The natural contenders for ‘mushrooms I have to find’ were undoubtedly The Morel and the St.Georges Mushroom. But as yet – no luck on either, even after many outings. Grrrr!

But in the garden and out in force though like some giant family outing, were a selection of the smaller Ink Caps – Fairies Bonnets (or Fairy Inkcap or Trooping Crumble Cap) (Coprinus disseminatus / Coprinellus disseminatus). They come out in their dozens or hundreds even! Very common and quite pretty to look at on the whole. They mass mainly around old stumps of broad-leaved trees and spread to nearby soil.

The caps vary only slightly in colour, from a pale buff brown or clay grey-like colour. They are very fragile and the gills start off white then turn grey-brown and eventually turning black.

Coprinus disseminatus

Fairies Bonnet is a very apt name for these little beauties

Nearby, milling around in the short grass, I find the Fairy Parasol (or Pelated Ink Cap) (Parasola plicatilis). Again, these are small and fragile, but don’t group in a large troop like our Fairy Bonnet.

This short-lived grassland mushroom has small caps are thin and very ribbed (hence pelated) and are often greyish brown or pale greyish with a darker more brownish central zone. The cap eventually flattens out and shrivels up (within 24 hours) but does not dissolve into a black ink. You will see these in short grass in lots of places from spring to early winter. They also like to grow near woodland herbs.

Parasola plicatilis

Pelated Inkcaps have a strongly grooved but delicate cap. They only survive for around 24 hours.

And again we have another common Corpinus family member – The Glistening Ink Cap (Coprinellus micaceus). Definitely the larger and most interesting in this little collective due to the young bell-shaped ochre coloured caps are dusted with glistening, mica-like particles or grains (fairy dust I call it, just to keep us in the fairy theme!). Older specimens slightly curl and split at the cap edge. The gills, common to the ink caps, age from pale buff to brown and eventually black before dissolving into an inky fluid. (That’s when the fairies cry!). The white stems are darker in colour at the base. These are great little mushrooms and one to look out for. They’re about for most of the year, usually in dense groups on broad leaved tree stumps or feeding off dead tree roots.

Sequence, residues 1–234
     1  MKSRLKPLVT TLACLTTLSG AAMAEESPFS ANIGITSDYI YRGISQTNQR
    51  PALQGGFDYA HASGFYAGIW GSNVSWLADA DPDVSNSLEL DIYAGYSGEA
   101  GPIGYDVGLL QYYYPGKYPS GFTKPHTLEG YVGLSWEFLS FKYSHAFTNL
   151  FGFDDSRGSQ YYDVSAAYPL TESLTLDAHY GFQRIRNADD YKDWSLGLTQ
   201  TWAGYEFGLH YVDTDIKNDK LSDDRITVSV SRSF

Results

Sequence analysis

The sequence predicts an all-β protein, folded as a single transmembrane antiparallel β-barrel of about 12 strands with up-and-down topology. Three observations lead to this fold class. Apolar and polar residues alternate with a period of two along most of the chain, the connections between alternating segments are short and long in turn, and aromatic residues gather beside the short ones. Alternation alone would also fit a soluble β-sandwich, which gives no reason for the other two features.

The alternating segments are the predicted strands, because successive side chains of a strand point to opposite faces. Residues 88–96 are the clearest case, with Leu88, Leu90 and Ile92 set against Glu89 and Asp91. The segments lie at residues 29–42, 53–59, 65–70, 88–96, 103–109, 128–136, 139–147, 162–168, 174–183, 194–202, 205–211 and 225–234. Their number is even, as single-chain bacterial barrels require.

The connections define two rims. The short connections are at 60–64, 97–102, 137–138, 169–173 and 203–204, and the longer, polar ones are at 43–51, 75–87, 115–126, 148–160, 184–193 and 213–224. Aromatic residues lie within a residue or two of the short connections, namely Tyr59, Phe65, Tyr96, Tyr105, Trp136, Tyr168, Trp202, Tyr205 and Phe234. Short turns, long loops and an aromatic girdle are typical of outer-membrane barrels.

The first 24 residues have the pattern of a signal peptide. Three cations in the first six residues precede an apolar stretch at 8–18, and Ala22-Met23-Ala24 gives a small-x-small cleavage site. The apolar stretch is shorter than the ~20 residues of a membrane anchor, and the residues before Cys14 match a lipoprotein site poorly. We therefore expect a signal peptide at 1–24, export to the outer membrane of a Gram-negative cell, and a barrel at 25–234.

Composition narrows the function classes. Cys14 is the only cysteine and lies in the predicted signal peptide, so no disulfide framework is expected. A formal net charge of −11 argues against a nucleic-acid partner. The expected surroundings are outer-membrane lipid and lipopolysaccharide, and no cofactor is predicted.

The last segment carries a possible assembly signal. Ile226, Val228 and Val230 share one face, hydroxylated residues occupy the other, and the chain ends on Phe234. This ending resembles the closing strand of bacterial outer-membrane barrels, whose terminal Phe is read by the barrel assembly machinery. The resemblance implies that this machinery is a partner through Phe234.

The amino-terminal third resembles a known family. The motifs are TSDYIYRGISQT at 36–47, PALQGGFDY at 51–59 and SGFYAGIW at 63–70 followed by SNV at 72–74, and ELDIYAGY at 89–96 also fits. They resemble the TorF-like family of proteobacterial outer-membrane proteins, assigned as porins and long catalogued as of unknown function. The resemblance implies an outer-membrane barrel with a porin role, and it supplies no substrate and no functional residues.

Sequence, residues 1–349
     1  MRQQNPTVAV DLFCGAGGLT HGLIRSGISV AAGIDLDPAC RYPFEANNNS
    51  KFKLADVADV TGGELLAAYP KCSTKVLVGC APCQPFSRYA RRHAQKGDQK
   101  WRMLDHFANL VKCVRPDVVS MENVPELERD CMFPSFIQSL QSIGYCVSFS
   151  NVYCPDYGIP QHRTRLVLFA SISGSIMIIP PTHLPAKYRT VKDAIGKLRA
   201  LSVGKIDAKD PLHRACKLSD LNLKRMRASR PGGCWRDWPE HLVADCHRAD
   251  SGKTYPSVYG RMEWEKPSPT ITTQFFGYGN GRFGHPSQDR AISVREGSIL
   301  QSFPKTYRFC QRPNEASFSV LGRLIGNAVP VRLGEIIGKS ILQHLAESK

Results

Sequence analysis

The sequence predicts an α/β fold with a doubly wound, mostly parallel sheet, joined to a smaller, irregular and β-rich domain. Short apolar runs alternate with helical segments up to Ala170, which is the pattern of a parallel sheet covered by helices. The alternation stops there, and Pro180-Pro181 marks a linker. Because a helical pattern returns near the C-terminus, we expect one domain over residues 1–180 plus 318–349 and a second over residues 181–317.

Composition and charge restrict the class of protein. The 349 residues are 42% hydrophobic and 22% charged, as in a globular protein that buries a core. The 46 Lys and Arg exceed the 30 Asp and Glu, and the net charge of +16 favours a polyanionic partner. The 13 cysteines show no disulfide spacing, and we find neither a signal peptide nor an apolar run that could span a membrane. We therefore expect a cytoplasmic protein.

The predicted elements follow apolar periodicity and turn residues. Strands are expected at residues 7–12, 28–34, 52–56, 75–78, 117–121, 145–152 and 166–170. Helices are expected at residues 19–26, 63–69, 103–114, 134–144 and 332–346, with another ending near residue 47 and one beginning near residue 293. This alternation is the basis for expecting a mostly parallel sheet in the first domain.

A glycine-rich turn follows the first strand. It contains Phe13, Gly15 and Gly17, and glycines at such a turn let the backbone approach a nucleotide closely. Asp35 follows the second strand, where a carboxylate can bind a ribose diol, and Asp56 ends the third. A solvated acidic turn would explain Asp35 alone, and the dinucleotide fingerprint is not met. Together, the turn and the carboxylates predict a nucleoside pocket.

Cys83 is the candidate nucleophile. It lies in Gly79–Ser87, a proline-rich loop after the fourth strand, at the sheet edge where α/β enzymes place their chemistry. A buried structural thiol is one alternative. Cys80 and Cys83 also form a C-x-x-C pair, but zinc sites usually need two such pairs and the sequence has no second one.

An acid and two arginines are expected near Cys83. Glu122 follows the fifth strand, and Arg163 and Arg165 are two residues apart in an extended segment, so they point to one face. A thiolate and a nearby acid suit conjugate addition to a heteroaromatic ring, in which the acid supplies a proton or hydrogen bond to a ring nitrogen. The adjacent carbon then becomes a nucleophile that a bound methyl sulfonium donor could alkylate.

Coprinus micaceus

Shine on! These pics were taken by my dad after maiming them while trimming the grass!

And to sign off, please that these mushrooms are all edible but the stone cold fact is that they are too insubstantial, bland in flavour and poor in texture. Hey ho!

The Genus COPRINUS & Related (Inkcaps): Characteristics to look out for:

• Most species gills dissolve into an inky black liquid as the black spores ripen, Amounts of ink vary.
• Growing on the ground, wood or dung.
• Many young species have woolly veil. Felty scales are often left on the mature specimen.
• Smaller species have distinct radial markings on the cap.